How about that for bipartisanship? All that seduction from our new president, sweetened with tax cuts and lubricated with cocktails at the White House, and still the stimulus package didn’t get a single Republican vote in the House. They won’t play bipartisan. They’re stubborn as hell and stick to their cretinous principles. You’ve got to respect them for that. It may be because they have some principles, as nutty as they can be.
Meanwhile, the infrastructure component of the stimulus bill has shrunk, and is really not up to the task. According to the 2009 report on the nation’s infrastructure from The American Society of Civil Engineers, our infrastructure overall gets a grade of D. Out of 15 components, the highest grade goes to solid waste, which gets a C+. There’s one D+, five Ds, and five D-minuses. They estimate that it would take $2.2 trillion to bring our national infrastructure up to snuff. The bill that passed the House has only about $40–60 billion, depending on whose estimate you believe, for infrastructure. And only about $10 billion is for mass transit. Barely a start, even.
Turning to another disappointing spending program… Yeah, it’s nice to see that the Obama administration forced Citigroup to cancel the order for a $50 million executive jet. But otherwise, life goes on as usual. An Associated Press review of some 200 banks that got TARP money from Washington found that 87% of their top execs are still on the job, even though many of them made disastrous decisions that drove their institutions into the ground. Wells Fargo, a heavy investor in subprime mortgages which announced a $2.6 billion dollar loss for the fourth quarter of 2008 that got $25 billion from the gov, not only kept its CEO on the job, they waived their mandatory retirement age for him. Asked for comment by AP, a Wells Fargo spokesperson praised the bank’s “unchanging vision.” In fact, the comments are some of juiciest parts of the AP story, which ran on Tuesday. A flack for Cleveland-based KeyCorp, another major subprime player, said: “”The on-the-record comment I would make is that we declined to comment even though we’d like to, because we don’t have time.” Many of these banks have shed hundreds, even thousands of workers—but not the guys at the top. We’ll see if the new admin twists some arms to change this, but I have my doubts.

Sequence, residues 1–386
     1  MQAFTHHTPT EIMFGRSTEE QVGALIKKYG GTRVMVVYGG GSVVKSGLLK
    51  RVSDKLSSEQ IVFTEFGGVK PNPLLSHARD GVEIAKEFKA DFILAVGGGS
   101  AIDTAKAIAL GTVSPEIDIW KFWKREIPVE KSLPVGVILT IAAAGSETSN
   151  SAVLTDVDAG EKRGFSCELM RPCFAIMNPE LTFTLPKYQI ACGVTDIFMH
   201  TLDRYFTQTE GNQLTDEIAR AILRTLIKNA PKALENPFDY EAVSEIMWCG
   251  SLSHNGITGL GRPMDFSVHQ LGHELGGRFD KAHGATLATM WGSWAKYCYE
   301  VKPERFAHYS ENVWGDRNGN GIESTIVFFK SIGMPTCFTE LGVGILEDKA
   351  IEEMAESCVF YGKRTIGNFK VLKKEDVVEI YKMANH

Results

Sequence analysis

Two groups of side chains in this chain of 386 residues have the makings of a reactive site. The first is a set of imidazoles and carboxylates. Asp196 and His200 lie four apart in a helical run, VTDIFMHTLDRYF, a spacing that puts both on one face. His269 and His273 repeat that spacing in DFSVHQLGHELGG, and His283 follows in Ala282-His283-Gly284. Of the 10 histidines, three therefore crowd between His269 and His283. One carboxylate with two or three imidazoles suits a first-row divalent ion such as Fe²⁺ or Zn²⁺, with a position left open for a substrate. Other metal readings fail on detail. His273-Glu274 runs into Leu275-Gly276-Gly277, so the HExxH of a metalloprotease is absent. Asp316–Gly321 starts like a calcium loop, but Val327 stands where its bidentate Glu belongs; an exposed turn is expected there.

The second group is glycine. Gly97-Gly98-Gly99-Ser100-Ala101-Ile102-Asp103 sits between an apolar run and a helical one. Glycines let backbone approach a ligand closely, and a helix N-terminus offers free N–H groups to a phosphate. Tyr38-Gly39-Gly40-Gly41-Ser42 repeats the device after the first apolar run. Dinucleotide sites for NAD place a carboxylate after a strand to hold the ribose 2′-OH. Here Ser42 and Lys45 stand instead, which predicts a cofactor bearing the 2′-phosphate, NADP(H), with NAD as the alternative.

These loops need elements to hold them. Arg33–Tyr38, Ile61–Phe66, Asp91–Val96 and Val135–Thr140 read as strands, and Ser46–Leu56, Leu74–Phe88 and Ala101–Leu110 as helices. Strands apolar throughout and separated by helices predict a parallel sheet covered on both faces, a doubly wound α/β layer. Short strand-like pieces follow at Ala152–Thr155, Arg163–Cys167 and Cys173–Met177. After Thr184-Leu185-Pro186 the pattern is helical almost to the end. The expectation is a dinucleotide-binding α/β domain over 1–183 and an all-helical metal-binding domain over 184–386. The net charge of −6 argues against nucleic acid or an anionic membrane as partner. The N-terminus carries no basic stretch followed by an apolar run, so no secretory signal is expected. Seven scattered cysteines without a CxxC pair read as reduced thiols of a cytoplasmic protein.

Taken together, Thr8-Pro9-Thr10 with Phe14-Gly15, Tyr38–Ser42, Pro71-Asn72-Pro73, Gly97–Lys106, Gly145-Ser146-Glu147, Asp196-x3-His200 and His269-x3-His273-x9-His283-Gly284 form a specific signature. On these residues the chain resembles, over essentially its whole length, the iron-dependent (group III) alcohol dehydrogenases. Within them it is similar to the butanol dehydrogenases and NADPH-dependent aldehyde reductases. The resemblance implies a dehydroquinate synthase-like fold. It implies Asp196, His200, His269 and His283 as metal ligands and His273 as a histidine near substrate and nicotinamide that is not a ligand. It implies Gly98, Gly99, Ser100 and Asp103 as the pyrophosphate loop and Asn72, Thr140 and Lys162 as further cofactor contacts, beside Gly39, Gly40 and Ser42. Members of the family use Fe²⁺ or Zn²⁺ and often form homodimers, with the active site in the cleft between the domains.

On the nonchanginess of changiness, the new Treasury Secretary Tim Geithner, who presided over several major mistakes while he was president of the Federal Reserve Bank of New York, issued some rules on Tuesday restricting contacts with lobbyists—and then hired a former Goldman Sachs lobbyist as his chief of staff. Goldman’s tentacles continue to extend deep into the government; early in the week, the New York Fed—the most important of the twelve regional banks in the Federal Reserve System, because of its intimate relations with Wall Street, announced that Geithner’s successor as president will by William Dudley, a former Goldman Sachs economist. Dudley’s really not a bad guy at all, but it’s getting harder to tell the difference between Goldman and the government.